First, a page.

On one hand, one must be able to convey information to his or her succinctly and clearly. This requires a breadth of knowledge on the ins-and-outs of English prose; grammar nerdiness doesn't hurt. If you find yourself elated when you find someone else who uses the subjunctive tense, this book is for you. Zinsser covers the variety of writing styles featured in most newspapers i. But he also lays out suggestions on how to start the writing process as a writer-to-be.
I especially enjoyed the section on how to make your personal story compelling as a memoir. I know everyone walks away from this book aspiring to become the next Tolstoy, but is this really such a silly aspiration? On Writing Well may primarily focus on non-fiction, but parts of it should be required reading for novelists, as well. Zinsser provides a hand-edited page of his own On Writing Well manuscript as an example of how to cut down on useless words, and it is truly amazing to see how much even an expert writer like him can remove from his work without its losing any meaning or artistic merit.
Not only should you eliminate useless words, but, according to Zinsser, you should also avoid using large words when smaller ones will suffice. I think this is especially good advice for fiction because, the easier a novel is to read, the more easily readers can lose themselves in it. But, for the rest of us, getting the point across succinctly is the best way to satisfy our readers, should we be lucky enough to have any. Zinsser recommends keeping a dictionary handy at all times, which is an idea I am trying to take to heart.
Nothing could be further from the truth: Great writers must be extremely meticulous and precise in their art, both in regard to story and the proper use of the English language. Serious writers will, however, find it indispensible. Zinsser's first few chapters talk solely about eliminating clutter and simplifying your work This book could have been easily shortened to pages.
I was not a fan of his many examples quite frankly, I skipped over most of them. Most of all, I wish Zinsser followed his own advice - simplify, and trust your material don't feel the need to explain almost every single principle; we get it.
The book, however, offered sound advice which I was lucky to dig out from the rest of the nonsense: Then decide to do it. Download On Writing Well: You must create an account in order to download or read the following content. Roy - Madrid, Spain. Francisco - Sherborn, MA. Katelyn - Glen Ellyn, IL. John - Seoul, Korea, Korea, Republic of. Alissa - The United States. Smiliar Books of "On Writing Well: The Classic Guide to Writing Nonfiction".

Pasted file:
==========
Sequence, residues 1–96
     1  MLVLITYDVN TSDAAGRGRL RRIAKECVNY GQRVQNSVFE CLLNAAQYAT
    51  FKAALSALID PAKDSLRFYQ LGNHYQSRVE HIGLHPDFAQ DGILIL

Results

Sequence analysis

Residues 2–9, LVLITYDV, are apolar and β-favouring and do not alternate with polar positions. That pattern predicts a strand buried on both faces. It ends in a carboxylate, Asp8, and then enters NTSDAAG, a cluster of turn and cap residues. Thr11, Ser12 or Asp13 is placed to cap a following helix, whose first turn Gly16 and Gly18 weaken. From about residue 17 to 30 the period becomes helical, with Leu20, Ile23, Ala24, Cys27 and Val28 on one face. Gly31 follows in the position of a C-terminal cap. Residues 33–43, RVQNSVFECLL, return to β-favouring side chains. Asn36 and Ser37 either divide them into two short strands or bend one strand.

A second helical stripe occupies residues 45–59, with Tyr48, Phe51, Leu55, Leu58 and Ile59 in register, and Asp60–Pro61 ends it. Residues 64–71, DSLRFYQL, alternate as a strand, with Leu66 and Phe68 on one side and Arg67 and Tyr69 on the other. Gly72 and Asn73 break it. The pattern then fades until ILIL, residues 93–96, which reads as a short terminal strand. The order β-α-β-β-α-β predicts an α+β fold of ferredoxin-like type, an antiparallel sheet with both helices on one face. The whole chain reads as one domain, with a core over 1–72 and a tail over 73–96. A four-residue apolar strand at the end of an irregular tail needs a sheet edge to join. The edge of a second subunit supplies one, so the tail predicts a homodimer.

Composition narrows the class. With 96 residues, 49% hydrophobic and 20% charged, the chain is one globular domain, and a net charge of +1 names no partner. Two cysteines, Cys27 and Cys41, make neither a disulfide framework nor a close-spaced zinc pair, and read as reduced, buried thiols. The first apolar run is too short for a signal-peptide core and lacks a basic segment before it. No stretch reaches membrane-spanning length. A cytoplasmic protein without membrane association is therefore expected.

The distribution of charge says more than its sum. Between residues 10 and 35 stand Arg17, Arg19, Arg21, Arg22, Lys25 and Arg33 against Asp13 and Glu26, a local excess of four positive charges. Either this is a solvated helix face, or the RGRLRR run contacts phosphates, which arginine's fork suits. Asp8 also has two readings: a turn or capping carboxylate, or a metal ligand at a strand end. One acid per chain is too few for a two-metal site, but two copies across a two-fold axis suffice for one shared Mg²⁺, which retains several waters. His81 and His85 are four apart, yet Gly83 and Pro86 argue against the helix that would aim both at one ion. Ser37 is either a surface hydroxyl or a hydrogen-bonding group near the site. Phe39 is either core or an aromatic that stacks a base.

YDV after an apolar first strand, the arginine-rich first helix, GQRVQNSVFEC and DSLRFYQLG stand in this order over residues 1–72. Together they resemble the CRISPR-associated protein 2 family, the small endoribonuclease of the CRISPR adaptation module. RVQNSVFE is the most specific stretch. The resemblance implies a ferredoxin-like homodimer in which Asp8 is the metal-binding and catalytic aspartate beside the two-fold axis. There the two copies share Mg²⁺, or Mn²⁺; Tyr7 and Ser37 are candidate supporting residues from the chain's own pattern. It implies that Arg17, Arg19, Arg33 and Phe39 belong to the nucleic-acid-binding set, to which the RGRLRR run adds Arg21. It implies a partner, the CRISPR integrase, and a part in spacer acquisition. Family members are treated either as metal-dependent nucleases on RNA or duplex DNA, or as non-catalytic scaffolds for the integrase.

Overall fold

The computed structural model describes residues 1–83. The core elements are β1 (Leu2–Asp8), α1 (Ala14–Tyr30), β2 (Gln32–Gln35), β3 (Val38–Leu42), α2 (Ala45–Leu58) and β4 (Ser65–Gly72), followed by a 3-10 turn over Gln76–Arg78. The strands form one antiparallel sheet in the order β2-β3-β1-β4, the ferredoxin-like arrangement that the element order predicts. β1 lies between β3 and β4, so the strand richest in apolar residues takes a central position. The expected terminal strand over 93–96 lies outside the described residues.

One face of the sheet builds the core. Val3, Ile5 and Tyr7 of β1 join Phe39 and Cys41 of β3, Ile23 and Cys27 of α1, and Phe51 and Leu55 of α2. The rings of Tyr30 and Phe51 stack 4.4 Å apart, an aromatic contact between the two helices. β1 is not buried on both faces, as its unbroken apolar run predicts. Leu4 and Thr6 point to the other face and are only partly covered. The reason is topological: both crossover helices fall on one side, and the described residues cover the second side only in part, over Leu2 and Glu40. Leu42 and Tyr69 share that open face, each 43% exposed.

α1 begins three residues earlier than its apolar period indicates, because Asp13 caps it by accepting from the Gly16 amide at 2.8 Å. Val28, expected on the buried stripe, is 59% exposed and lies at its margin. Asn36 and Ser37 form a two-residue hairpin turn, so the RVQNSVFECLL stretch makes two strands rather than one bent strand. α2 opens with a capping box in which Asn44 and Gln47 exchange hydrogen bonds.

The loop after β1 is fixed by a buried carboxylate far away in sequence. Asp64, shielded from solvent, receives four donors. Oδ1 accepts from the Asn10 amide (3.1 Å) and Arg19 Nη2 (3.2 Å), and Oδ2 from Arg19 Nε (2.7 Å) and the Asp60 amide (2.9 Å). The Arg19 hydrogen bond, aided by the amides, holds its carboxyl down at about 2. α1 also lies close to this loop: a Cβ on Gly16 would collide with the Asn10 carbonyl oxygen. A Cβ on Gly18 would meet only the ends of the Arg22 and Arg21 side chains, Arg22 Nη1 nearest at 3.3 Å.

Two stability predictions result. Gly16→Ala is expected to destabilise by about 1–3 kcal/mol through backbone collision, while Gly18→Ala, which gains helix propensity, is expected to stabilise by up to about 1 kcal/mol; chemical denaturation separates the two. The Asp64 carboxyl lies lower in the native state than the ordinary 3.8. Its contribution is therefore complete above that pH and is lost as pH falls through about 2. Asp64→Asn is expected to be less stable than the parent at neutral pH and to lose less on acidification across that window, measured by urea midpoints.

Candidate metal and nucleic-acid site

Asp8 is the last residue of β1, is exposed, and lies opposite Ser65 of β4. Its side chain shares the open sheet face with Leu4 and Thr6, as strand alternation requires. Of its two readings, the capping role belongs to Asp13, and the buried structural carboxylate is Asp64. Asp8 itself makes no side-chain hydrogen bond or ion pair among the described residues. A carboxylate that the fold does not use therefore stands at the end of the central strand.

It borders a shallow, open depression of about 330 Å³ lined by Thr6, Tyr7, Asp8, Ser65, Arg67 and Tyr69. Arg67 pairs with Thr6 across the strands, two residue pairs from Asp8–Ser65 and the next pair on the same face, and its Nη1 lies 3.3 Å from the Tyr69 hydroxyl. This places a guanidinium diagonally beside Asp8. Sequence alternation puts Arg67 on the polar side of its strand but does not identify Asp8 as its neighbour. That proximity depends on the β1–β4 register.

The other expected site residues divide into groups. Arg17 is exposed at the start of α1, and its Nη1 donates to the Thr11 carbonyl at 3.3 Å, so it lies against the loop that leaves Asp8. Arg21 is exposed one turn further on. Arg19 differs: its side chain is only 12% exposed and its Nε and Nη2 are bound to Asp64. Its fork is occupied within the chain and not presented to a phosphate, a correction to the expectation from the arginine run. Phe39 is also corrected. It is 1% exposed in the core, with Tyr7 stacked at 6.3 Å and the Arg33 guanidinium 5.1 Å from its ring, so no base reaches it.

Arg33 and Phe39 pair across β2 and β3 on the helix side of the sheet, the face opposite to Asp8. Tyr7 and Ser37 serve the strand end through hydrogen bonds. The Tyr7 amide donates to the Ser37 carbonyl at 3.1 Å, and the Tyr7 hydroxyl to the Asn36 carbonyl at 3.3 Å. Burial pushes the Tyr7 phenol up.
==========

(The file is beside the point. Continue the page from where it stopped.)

A Guide to Narrative Craft. Techniques for Mastering the Writing Process. Chapter 5 The Audience. Chapter 9 The Lead and the Ending. Chapter 11 Nonfiction as Literature. Chapter 12 Writing About People: Chapter 13 Writing About Places: Chapter 14 Writing About Yourself: Chapter 15 Science and Technology. Chapter 16 Business Writing: Writing in Your Job. Chapter 18 Writing About the Arts: Chapter 20 The Sound of Your Voice. Chapter 21 Enjoyment, Fear and Confidence.
Chapter 22 The Tyranny of the Final Product. Chapter 23 A Writer's Decision. Chapter 24 Write as Well as You Can. This section contains words approx. View a FREE sample. On the other hand, avoid jargon and big words: Writing is hard work: Remember this in moments of despair.
Write in the first person: And the more you keep in first person and true to yourself, the sooner you will find your style: Believe in your own identity and your own opinions.
Writing is an act of ego, and you might as well admit it. Study the masters but also your contemporaries: Yes, the thesaurus is your friend: If, having found the scalawag and the scapegrace, you want to know how they differ, then go to the dictionary. Read everything you write out loud for rhythm and sound: Zinsser follows his own advice, in that this book pick up a copy here is a joy to read, with a rollicking humor and an infectious enthusiasm.
May he rest in peace! Ted Mills is a freelance writer on the arts who currently hosts the FunkZone Podcast. You can also follow him on Twitter at tedmills , read his other arts writing at tedmills. We're hoping to rely on our loyal readers rather than erratic ads. To support Open Culture's continued operation, please consider making a donation.
On Writing Well. Topics On Writing Well. Collection opensource. On Writing Well Identifier OnWritingWell. Identifier-ark ark://t5r79fj2b. Ocr ABBYY FineReader PDF download. download 1 file. SINGLE PAGE PROCESSED JP2 ZIP download. download 1 file. TORRENT.
Good writing ~esn't ~ come naturally, thoueh most people obviously think ~:e~::' tit., Itl _l:kiUI.. The prof'.Uonal 11 Two pages of the final manuscript of this chapter from the First Edition of On Wri~ing Well. Although t?ey look like a first draft, they had already ~een re~tten and retyped-'-like almost every other page-four or five times.
Excerpts from On Writing Well William Zinsser New York, Harper, , Chapters 2 through 4. 2. Simplicity Clutter is the disease of American writing. We are a society strangling in unnecessary words, circular constructions, 5/5(2). On Writing Well cssao THE CLASSIC GUIDE TO WRITING NONFICTION 25th Anniversary Edition William Zinsser Quill A HarperResource Book An Imprint of HzrperCollinsPublishers.
Download On Writing Well – William Zinsser. Share & Embed "On Writing Well – William Zinsser" Please copy and paste this embed script to where you want to embed. wizardry, is still writing-based. On Writing Well is a craft book, and its principles haven’t changed since it was written 30 years ago. I don’t know what still newer marvels will .